Part Two of Herbal Treatments for the Hair explains how to make an herbal tea for your hair, and a conditioning pack for deep treatment. The hollyhock flower pictured above is one plant that can be used to treat dandruff and other scalp irritations; the red ones can be used as a colorant, if you’re adventurous!
Herbal Hair Tea
One of the simplest ways to use herbs on your hair is to make a strong tea or decoction of the appropriate herbs – such as birch leaf and nettles for a general tonic – strain into a wide bowl (put the soggy herbs into the compost), and place the bowl into a deep sink or tub. Lean over the tub so that your head and hair are over the bowl, and pour cupfuls of the warm brew repeatedly over your hair until thoroughly wetted, catching what you pour back into the bowl.
Continue pouring and working it into your hair and scalp until the brew is too cold for comfort. At this point, you can either rinse your hair with lukewarm water, or wrap in a dark towel (to prevent staining), then dry and style.
To make herbal hair tea, take 1 quart boiling water and add 1 or 2 handfuls of plant material; turn off heat and steep for about 20 minutes. You may need more water and herbs for longer hair. This potion will keep in the refrigerator for about 3 days.
You can also use herbal hair tea as a scalp treatment by rubbing it into your scalp every day or two, depending on what condition you are dealing with. I think you can overdo it with regular shampooing, especially in the dry cold of winter. While the scalp still needs conditioning, the hair can get dry and brittle.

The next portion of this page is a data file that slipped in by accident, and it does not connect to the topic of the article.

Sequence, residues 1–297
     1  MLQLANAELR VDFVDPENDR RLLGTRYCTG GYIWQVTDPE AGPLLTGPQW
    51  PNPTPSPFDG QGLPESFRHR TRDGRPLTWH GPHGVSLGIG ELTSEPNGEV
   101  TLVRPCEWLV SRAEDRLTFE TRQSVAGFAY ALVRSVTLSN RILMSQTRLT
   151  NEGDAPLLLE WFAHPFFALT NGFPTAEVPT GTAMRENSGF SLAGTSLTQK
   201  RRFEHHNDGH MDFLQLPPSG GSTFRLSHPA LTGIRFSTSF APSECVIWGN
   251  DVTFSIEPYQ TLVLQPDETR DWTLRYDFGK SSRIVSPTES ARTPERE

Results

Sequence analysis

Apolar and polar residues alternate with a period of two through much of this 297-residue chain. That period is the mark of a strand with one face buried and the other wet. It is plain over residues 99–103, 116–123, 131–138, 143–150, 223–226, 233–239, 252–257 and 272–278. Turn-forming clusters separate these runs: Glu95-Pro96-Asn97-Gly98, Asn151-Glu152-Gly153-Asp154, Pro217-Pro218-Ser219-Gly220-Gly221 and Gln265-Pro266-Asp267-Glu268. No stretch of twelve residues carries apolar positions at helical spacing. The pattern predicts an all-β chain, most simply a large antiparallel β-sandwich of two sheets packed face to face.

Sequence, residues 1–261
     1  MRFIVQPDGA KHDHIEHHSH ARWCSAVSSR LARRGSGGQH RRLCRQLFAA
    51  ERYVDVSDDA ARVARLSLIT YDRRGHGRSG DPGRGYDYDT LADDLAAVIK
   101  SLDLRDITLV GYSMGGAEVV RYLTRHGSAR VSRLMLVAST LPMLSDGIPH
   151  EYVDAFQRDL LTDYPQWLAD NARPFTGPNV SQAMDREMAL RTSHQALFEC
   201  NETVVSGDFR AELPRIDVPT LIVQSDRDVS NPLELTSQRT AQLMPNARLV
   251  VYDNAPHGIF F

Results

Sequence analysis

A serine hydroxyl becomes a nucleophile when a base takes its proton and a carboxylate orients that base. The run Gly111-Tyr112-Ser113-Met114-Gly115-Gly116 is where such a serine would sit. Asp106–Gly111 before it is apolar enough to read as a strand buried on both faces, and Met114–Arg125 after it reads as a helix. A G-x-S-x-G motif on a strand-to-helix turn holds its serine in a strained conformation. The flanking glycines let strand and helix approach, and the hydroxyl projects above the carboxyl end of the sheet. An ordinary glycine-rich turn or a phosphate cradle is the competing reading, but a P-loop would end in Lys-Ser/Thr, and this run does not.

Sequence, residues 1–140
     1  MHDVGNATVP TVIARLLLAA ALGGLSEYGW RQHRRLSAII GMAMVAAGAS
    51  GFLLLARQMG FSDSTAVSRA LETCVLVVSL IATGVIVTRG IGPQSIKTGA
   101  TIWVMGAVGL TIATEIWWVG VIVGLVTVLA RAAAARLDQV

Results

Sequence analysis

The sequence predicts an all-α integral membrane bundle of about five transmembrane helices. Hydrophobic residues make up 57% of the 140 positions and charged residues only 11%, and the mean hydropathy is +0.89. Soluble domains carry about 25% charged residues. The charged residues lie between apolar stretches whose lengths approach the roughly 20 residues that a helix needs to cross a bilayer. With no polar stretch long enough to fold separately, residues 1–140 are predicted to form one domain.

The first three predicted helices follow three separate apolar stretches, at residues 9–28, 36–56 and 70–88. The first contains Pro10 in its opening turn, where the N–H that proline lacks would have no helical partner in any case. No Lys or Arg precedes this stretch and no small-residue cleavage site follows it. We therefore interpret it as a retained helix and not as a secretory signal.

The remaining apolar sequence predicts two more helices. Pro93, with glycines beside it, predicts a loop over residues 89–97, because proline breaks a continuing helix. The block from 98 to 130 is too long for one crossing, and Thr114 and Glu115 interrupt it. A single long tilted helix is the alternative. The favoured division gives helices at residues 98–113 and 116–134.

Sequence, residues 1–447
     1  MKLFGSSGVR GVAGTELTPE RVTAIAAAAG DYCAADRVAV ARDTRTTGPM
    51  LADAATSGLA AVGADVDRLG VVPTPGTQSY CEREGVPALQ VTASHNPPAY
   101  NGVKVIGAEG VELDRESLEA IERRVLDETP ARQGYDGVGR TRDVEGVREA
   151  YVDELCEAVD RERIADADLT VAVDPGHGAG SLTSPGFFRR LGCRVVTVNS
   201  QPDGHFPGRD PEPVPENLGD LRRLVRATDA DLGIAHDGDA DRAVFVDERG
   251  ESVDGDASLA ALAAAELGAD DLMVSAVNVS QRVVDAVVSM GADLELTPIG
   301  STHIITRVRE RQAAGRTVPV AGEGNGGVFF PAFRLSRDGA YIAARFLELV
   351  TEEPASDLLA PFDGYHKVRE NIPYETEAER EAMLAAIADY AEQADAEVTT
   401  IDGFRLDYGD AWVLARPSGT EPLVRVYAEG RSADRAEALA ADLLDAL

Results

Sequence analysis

Most commercial shampoos are detergents that strip the hair and scalp of any natural oils and acidity it may have had; they may, in fact, overstimulate the scalp into producing more oils. So the herbal hair treatments are a good thing, restoring the scalp and hair follicles with new vigor.
Messy but Fun
An alternative method of herbal hair treatment is especially for deep and long-lasting results, and one that requires significantly more plant material. You will use dried powdered herbs (use a blender to make your own) to make an herbal pack for the hair and scalp. Hollyhock flower, rose petal and willow bark, for example, can be used to rescue irritating dandruff, mixed with a little apple cider vinegar and applied warm to the scalp. This can also be used as a coloring technique, such as for henna (an exotic, not local, plant); we will discuss dyes and colorants in Part Six.
Before you begin, tie your hair up, if possible, and rub a schmeer of petroleum jelly on your forehead and neck at the hairline, and the backs of your ears, so your skin doesn’t take on any stain.
To make an herbal hair pack, you’ll need 4 to 8 ounces of powdered plant material to do this, depending on how long your hair is. Use approximately 1 pint of boiling water to the herbs to make a runny paste, adding more hot water if necessary to keep it easy to work and spread. Once it’s cool enough (you still want it fairly warm), apply to the hair in sections, from scalp to ends, then roll up each section and clip it to keep it out of the way.
Keep in mind that this is a very messy procedure, so plan accordingly, i.e., newspapers to cover the floor, old towels and grubby clothes, a helpful friend who has sworn not to take your picture with their cell phone, etc… Once the pack is in place, wrap your hair with plastic wrap, put a dark towel around your neck, and just sight tight for about 20 minutes. Keep paper towels handy to wipe up any drips. Then head to the shower to rinse and shampoo thoroughly.
Whether you choose the herbal hair tea or the hair pack method to treat your hair, you can expect your hair and scalp to feel clean and refreshed. Depending on the herbs you choose, the results will be gradual (except for dyes and colorings) and gentle. As mentioned in Part One, some herbs are used for more than one condition. Rosemary and sage are good herbs to start with for dark hair; chamomile is often used for light hair.